25 November 2009

New Economics as Mainstream Economics

The Cambridge Trust for New Thinking in Economics has organised a conference in January 2010 - details available here.

New thinking in economics is an interdisciplinary approach to economic problems that acknowledges and respects the insights and analysis from other disciplines, especially those from ethics, history and engineering as well as complexity and evolutionary theory. Four issues can be highlighted, each of which has been either ignored by traditional economic modelling of the problem or treated in a misleading way that discounts the insights from heterodox economics and other disciplines.
  1. The economy is a complex, non-linear dynamic system with technological change inherent in economic growth. Many economic policy issues are potentially non-marginal changes to the system in the context of strong uncertainty.
  2. Many issues of economic policy (traditionally called “welfare economics”) are primarily ethical-economics in nature, and should be informed by moral philosophy rather than economics in isolation. Traditional economic models adopt an extreme form of utilitarianism, with a questionable choice and use of discount rates, ignoring the philosophical literature and the concept of justice.
  3. Engineering and history inform economics through studies of the production processes involving the supply and demand of materials, energy, skills and entrepreneurship. Economic history is critical in understanding the relationship between economics and technological change because the technologies evolve in response to economic conditions, e.g. carbon-price signals. Traditional models assume continuity and path independence.
  4. The politics of mitigation implies unstable alliances and trade-offs between governments and political parties. By the use of the social welfare function (required for the calculus), traditional economists simplify social choices and pre-empt political negotiation, claiming an optimality for their subjective assumptions and market interpretations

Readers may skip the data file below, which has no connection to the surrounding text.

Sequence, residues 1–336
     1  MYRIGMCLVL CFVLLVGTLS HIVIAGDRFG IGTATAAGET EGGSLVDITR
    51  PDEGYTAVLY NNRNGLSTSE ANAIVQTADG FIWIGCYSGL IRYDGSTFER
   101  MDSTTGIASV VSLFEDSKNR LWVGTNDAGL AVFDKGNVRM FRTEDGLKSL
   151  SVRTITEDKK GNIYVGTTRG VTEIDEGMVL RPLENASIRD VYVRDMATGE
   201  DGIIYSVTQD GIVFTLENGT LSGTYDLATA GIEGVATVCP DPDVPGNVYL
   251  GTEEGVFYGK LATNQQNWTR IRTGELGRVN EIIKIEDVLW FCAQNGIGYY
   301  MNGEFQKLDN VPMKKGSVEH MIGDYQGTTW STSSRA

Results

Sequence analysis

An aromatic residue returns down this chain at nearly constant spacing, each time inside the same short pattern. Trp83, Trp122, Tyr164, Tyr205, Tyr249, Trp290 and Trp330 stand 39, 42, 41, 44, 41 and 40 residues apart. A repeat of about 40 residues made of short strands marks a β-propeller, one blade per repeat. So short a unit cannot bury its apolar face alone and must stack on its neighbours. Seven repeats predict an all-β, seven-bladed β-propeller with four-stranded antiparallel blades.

What I appreciate best are the principles governing the work in the Trust:

(a) that economic behaviour is primarily social rather than individual;
(b) that economic behaviour is influenced by aesthetic and ethical values as well as economic values: and
(c) that the pursuit of self-interest in economic behaviour can impact adversely on both society and the environment.

Looking forward to reading more of their work. 

24 November 2009

Empowerment and RTI

The Right to Information Act in India has managed to do wonders in ensuring that benefits of govt. programmes and policies reach the intended targets:
In an interview with Wall Street Journal, Aruna Roy, activist (former administrative officer and Magsaysay Award winner) explains how:

WSJ: On the Right to Information (RTI) Act, with which you've been closely associated since its inception 4 years ago, what is the progress so far?
AR: The RTI has become a lifeline for democracy in our country. Despite the failures of various state commissioners or government to implement Section 4. (This mandates the government to publicly disclose as many as 17 bits of information, including its budget, personnel, areas of work, etc.) That's why today the government can't touch the RTI without touching the whole of India. Because it's been used by a variety of people for a variety of reasons, with reasonable success. Sharing information is sharing power and nobody understands this better than the bureaucracy and the politicians, in that order.